The,Princess,Who,Read,Too,Much DIY The Princess Who Read Too Much
When floating floors are made they are placed as planks which are clicked on top of each other. The costs of installing floating floors might be higher but the actual time taken for installing the floor is fairly short and can be done by alm If you're a parent looking for a one of a kind way to store toys, there are a plenty of options. From large storage systems to a toy box that can double as a blanket trunk once the children are grown, parents can likely find the right system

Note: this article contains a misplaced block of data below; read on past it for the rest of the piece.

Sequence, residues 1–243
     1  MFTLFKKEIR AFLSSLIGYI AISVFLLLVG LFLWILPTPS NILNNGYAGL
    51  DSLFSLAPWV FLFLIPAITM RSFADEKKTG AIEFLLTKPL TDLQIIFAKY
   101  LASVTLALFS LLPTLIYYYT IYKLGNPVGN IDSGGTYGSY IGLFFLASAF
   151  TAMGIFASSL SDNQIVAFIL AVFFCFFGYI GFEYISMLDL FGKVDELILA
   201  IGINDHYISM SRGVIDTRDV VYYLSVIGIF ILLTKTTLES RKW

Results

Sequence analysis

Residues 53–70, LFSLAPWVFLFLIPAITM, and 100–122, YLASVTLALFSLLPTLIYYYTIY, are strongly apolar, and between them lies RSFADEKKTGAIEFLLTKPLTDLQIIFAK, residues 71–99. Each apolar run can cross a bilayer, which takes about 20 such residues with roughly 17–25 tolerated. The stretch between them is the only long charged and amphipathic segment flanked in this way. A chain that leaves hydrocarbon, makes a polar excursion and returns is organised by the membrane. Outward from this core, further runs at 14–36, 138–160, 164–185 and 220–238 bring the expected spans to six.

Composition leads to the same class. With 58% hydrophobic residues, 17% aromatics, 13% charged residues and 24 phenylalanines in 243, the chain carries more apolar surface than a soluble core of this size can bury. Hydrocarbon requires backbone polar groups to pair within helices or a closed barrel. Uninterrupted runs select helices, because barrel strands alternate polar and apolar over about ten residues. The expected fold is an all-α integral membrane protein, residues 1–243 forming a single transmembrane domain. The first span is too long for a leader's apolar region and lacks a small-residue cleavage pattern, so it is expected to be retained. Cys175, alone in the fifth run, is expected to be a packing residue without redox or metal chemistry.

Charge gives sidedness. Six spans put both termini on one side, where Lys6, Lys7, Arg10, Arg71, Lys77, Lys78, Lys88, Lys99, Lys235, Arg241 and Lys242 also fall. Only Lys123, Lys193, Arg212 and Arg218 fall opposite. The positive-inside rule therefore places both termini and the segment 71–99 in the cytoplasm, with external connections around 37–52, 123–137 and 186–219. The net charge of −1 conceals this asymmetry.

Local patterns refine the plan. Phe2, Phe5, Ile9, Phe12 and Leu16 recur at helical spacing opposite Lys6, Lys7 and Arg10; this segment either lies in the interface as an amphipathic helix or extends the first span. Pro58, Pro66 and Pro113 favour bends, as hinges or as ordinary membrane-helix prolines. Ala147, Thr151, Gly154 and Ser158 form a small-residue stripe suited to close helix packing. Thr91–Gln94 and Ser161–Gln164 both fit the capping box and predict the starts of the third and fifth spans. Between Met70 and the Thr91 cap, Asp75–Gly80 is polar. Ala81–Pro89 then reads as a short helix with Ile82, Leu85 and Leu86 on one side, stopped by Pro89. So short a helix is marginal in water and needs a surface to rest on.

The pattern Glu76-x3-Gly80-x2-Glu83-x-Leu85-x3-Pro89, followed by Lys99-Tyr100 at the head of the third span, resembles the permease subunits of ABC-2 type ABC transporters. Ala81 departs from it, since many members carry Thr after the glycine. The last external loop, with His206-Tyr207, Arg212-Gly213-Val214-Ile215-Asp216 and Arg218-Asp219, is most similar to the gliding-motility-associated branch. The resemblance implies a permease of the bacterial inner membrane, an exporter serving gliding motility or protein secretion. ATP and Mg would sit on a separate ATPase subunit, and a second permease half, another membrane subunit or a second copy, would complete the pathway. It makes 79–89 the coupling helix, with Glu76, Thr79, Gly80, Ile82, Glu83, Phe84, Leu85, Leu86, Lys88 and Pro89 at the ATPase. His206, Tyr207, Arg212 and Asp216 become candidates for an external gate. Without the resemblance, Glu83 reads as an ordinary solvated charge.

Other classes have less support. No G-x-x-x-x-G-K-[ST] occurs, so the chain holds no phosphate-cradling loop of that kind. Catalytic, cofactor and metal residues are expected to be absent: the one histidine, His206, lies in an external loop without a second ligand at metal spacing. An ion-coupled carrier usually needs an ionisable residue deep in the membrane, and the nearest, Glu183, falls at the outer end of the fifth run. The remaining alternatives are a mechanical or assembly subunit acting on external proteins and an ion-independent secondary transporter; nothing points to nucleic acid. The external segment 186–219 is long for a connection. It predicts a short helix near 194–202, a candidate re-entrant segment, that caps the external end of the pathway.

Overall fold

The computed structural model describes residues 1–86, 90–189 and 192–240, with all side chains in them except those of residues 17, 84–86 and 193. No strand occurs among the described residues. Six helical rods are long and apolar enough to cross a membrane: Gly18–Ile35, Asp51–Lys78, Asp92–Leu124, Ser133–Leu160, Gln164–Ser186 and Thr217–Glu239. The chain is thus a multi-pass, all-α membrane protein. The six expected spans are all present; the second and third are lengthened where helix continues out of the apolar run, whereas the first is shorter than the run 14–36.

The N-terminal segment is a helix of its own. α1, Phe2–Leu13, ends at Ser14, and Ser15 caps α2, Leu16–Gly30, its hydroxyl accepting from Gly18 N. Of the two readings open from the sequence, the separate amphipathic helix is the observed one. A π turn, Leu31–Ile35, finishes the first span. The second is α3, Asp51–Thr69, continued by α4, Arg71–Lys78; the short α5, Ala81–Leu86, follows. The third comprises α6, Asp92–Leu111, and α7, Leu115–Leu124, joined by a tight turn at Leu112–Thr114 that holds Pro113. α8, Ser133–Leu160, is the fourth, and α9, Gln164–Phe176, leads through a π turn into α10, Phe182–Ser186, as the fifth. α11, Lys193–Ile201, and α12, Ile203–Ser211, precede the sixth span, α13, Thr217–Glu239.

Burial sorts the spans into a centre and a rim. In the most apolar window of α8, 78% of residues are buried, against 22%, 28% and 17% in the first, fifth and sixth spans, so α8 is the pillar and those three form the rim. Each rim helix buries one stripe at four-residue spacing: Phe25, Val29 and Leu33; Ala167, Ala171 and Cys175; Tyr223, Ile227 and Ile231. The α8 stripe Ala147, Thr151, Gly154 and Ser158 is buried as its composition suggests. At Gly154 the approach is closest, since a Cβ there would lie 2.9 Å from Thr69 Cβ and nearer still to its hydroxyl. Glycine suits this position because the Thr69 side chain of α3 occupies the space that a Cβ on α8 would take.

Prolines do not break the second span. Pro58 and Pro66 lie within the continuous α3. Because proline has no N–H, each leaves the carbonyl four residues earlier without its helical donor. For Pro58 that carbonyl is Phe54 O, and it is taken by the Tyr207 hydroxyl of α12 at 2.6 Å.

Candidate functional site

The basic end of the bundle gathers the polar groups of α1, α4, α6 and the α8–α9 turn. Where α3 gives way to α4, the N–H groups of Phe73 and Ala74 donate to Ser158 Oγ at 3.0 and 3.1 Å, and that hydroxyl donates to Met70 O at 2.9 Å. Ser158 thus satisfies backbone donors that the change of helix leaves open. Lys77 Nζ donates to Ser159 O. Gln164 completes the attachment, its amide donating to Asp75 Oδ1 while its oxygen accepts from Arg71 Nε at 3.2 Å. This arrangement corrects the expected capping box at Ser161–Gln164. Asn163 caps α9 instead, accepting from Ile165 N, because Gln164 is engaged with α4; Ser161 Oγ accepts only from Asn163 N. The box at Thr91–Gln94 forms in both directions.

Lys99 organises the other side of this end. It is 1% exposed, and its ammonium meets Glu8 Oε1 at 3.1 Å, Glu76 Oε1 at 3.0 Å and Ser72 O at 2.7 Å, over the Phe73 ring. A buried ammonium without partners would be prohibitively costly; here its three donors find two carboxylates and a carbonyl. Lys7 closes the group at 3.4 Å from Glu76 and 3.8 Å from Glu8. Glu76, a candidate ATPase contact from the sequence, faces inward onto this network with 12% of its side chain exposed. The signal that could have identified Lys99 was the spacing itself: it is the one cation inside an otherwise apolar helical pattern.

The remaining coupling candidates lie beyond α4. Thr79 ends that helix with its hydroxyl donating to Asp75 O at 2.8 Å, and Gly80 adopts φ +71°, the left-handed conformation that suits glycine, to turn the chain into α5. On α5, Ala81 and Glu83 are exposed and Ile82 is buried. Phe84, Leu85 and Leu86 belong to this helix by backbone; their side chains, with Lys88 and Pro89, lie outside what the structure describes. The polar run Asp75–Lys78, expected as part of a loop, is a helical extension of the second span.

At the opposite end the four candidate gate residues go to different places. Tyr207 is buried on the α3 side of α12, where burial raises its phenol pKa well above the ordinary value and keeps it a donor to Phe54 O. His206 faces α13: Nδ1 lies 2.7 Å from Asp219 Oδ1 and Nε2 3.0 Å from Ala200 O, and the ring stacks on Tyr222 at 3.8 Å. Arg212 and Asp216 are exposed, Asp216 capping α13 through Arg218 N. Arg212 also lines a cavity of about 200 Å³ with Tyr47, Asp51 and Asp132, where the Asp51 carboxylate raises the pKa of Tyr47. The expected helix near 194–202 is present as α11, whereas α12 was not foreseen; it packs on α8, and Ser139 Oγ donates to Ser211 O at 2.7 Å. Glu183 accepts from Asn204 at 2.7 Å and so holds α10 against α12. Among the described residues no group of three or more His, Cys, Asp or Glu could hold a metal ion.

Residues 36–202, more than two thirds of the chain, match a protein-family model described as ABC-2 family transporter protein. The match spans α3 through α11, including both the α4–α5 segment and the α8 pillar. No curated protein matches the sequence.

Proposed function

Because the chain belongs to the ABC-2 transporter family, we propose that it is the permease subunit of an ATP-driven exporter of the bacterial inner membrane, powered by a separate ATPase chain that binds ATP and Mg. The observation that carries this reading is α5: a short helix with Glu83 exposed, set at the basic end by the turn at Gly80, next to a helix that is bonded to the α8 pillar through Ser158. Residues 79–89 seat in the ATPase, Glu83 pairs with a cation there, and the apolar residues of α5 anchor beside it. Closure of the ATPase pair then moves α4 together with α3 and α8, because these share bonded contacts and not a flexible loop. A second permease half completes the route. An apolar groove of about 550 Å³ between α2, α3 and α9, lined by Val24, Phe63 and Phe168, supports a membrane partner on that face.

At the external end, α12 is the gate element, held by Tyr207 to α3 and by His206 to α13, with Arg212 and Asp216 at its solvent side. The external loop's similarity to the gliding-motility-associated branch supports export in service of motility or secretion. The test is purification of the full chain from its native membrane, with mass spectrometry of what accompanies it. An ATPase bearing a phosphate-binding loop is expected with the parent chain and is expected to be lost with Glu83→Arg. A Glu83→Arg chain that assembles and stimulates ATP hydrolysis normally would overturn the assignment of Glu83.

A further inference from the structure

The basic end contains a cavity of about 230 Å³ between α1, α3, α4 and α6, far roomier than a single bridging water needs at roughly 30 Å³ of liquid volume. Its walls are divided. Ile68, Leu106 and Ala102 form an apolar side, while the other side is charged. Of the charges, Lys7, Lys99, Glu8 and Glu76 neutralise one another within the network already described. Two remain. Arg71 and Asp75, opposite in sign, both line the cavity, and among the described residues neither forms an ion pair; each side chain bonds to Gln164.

Elizabeth Houston is a biology research professional. She is an infp type of introvert, called the Healer. Introversion is a legitimate personality type and there are actually 8 different types of introverts. Healers make up a very small percentage of the population, only about 2%. They have a serene and calming effect on others and are committed to personal growth, authenticity and acts of great lovingness. I asked Elizabeth to describe what it was like growing up introverted in an extroverted world. This is her story.Growing up as an introvert in a world of extroverts that doesn't accept introverts as normal, is painful in the extreme. Unless you're fortunate enough to have another introvert in your immediate family or social network as a child, you're isolated and always feel like you're alone, even in a big crowd. Being around people is exhausting and you need to get away. My retreat was always into books. I remember one summer (7th grade?) where I spent most of the summer reading. My mother was always trying to get me to go outside, get my head out of the books, and play like the rest of the kids. My father would comment at the dinner table that "the princess has decided to grace us with her presence". When your parents ridicule you for being different, your siblings will treat you the same way; learned behavior at its worst.Because you're quiet, most of the time people think you don't have anything to say or contribute and are surprised when you offer a suggestion or even if you say anything. When I was a senior in high school, I had Economics with one of the world's worst teachers. I sat towards the back and kept a small group of students in stitches with my snide remarks (by 12th grade I had found that I had a voice and used it more). I think they were all shocked because all those years in school, they never suspected that I had a sense of humor. All through school I was never part of any one clique. I had acquaintances in most of the groups but never belonged to any of them. I didn't feel the need. I was in Brownies for one year and 4-H for one year; I never like the organized group thing. I wanted to do what I wanted to do when I wanted to do it, not when someone told me I could do it. Of course, the whole group integration thing is difficult when you don't see the point in making "small talk" and useless conversation. That, I've never been good at.Teachers always liked me because I was quiet, didn't cause trouble, generally followed the rules (at least when I was younger!), and did well in my school work. Of course, my siblings hated me for it. Most of my pre-college education was spent trying to keep a low profile and hoping I wouldn't be noticed. The ultimate horror: doing math problems on the board in front of the class. I had a geometry class in 9th grade, where everyone else was in 11 or 12th grade, and where we had to do proofs on the board. Each class was an agony of anticipation and then relief if I wasn't chosen. The Agony and the Ecstasy, so to speak (you know, I read that book in 6th grade?!).As an adult, it's not so bad. I know I'm okay and I don't care if other people don't get me; that's just too bad. I'm very protective of my personal space and need lots of alone time. Extroverts are horrified if you tell them that you like going to movies by yourself or if you buy yourself flowers just because you want to, or any other of a dozen other things that they just can't envision doing by themselves. Introverts are their own best friends, which makes them better friends to others. We're picky about who we let into our lives and to what extent. Just leave us alone and we will accomplish miracles! Introverts really rule the world--we just let the extroverts think they do!Because I was quiet and downright stoic when angry, my mother said to me in high school one time when she was angry, "I don't know how you expect to be a doctor when you can't talk to people". I was totally crushed and this statement caused me to completely forego my dream of becoming a doctor. I now know that this was ultimately for the best, but at the time those words devastated me.As introverts, we have learned first hand that words are very important and have the power to uplift or destroy, so we chose ours with care. The written word is powerful, but spoken words have even more weight and consequences and careless words can wound deeply. We know because people have been wounding us our whole lives. The worst part is that most of those that hurt us are completely unaware of the effect they've had and blithely continue on as we're stricken mute from the dagger thrust of their words.That's why voicemail, answering machines and the internet are introvert heaven. Sometimes I cannot stand the thought of talking to another person. I don't care if that person is my best friend in the whole world. Sending email so you can write/rewrite exactly what you want to say before you send it is a gift from the gods. Our silence doesn't mean that we agree with you; usually, it's not worth the effort to set you straight--even if we could get a word in edgewise. Don't be surprised if later we say or do something contrary to what you've said or think. I must say that I'm learning, finally, in my middle age to be more aggressive and assertive in my speech. Sometimes I just have to set the record straight and won't allow someone to talk over me.I've learned as a manager or meeting facilitator to draw the quiet people out with pointed questions, allowing them their say. Usually, they have good ideas and input. I know how it is to have something to say and be out-maneuvered or out-talked by a group of extroverted people.Extroverted friends don't always take "no" for an answer. I find myself making up a lame excuse or outright lying because they cannot accept the phrase "I don't really want to, thanks". How pathetic is that? After you've said no to their needling to get you to do something three or four times, you're forced to come up with something they deem "acceptable" as a reason you don't want to spend time with them. It's because they can't fathom anyone actually wanting to be alone with only themselves and their thoughts for company.Elizabeth describes in herself many of the characteristics that are normal for introverts. For this reason, her experiences may sound quite familiar. Elizabeth mentions her quiet nature, her love of reading and her desire to be in her room with the door closed. These are all routinely misunderstood by her family members. Introverts need time alone to fill up with energy because they give energy and extroverts take energy. Another typical introvert characteristic that Elizabeth mentions is her method of communicating. Introverts dont talk very much, not because they are unintelligent but because they dont like to say anything unless it is significant. Introverts get no value out of saying things out loud either. Thats not the way they learn. Introverts like Elizabeth also need time to think things over. When they do speak, if its important, they say it in a quiet voice. Like Elizabeth, most introverts adore email and feel like the internet was invented just for them! Elizabeth also brings up another critical thing to remember about introverts. Dont assume because they dont say anything that they agree with you. This is obviously quite important if you are in a significant relationship with an introvert or marketing to the!